Danube Delta Biosphere Reserve



The Danube Delta is an important wildlife habitat, the second largest delta in Europe. It has the largest number of birds of any South European wetland, being a key area for passage of migrants and wintering birds; the number of winter wildfowl may exceed 2 million. Over 320 species of birds are of European importance, of which 12 are globally threatened.

Location: Romania, Black Sea coast, between the river branches Chilia, Sulina and Sfintu Gheorghe. The largest part of the protected area lies in Tulcea county, the southern part in Constanta county.

Size: 580 000 ha, including 50 600 ha of strictly protected areas and 223 300 ha of buffer zones.

Manager & owner: The State owns 90% of the area. The other 10% is in private hands. The area is managed by the Danube Delta Biosphere Reserve Authority, a public organisation co-ordinated by the Ministry of Water and Environmental Protection, established in 1990.

Actuality: The Biosphere Reserve is divided in three types of zones with respect to management for nature conservation and ecologically sustainable management: Strictly Protected areas, Buffer Zones and Economic Zones.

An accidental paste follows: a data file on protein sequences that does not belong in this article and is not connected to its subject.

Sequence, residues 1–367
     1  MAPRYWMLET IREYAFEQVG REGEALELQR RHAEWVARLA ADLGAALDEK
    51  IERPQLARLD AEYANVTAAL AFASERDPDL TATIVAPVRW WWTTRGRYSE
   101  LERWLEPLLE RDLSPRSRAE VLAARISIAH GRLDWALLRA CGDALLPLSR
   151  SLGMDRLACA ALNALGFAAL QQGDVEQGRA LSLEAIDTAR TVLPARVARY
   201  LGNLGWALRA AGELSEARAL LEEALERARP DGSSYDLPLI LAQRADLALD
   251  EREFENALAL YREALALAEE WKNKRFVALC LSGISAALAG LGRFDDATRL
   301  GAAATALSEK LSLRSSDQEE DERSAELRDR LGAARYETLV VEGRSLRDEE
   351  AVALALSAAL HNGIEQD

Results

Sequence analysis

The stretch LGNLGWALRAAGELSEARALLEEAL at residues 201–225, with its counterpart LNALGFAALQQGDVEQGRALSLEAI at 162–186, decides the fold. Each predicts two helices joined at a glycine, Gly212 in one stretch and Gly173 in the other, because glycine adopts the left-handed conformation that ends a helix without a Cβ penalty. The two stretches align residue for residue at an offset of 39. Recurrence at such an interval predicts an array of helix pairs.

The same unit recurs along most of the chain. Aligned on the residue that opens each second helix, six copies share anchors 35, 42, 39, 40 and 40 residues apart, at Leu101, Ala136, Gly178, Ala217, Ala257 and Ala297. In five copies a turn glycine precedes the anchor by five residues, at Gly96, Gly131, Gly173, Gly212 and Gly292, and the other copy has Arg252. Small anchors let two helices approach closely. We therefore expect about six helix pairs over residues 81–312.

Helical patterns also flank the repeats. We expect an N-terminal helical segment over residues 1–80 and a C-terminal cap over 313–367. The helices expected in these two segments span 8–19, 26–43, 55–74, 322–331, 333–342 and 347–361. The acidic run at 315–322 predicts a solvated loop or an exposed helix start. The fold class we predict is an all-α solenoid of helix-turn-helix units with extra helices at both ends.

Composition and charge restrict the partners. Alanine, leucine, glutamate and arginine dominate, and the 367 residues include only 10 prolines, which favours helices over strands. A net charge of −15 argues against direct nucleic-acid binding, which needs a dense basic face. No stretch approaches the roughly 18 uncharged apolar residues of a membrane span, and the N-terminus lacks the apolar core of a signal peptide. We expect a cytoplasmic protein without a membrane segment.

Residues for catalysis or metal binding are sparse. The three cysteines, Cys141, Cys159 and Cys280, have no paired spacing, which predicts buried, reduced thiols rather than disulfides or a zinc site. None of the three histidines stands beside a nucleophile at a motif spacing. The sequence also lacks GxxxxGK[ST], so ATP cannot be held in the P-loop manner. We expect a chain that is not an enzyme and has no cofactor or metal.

History

The origin of the Danube Delta goes back to the last Ice Age. Its geomorphology is the result of the interaction between the Danube river and the Black Sea during the Holocene period, beginning some 16 000 years ago. The northern part of the Delta is sinking and this resulted in a land area that is only 9% of the area a few thousand years ago.
Danube in Romanian is Dunare and the old names of it are Danubius (Latin), Istros (Greek), Donaris (Geto-Dacic). The Romanian name is Rezervatia Biosferei Delta Dunarii. The word delta stems from the fourth Greek letter, delta, a triangle.
The traditional land use in the Delta included fishing, hunting, extensive cattle and pig breeding, cultivation of some agricultural and horticultural crops, honey production, hay cutting, and collection of materials, such as reed, for house building. Agriculture has always been practised in the Delta, albeit on a very small scale, and probably on a sustainable basis. The first agricultural pilot polders were constructed at the end of the 19th century.
The last communist government's plans to reclaim the delta in a series of polders have luckily been largely dropped. The area is now intended it is managed as the exceptional wild-life sanctuary it is. The same government neglected eco-tourism. This resulted in the destroying of great parts of the area. Nowadays cattle-breeding, viticulture and apiculture are popular income generating activities for the local people.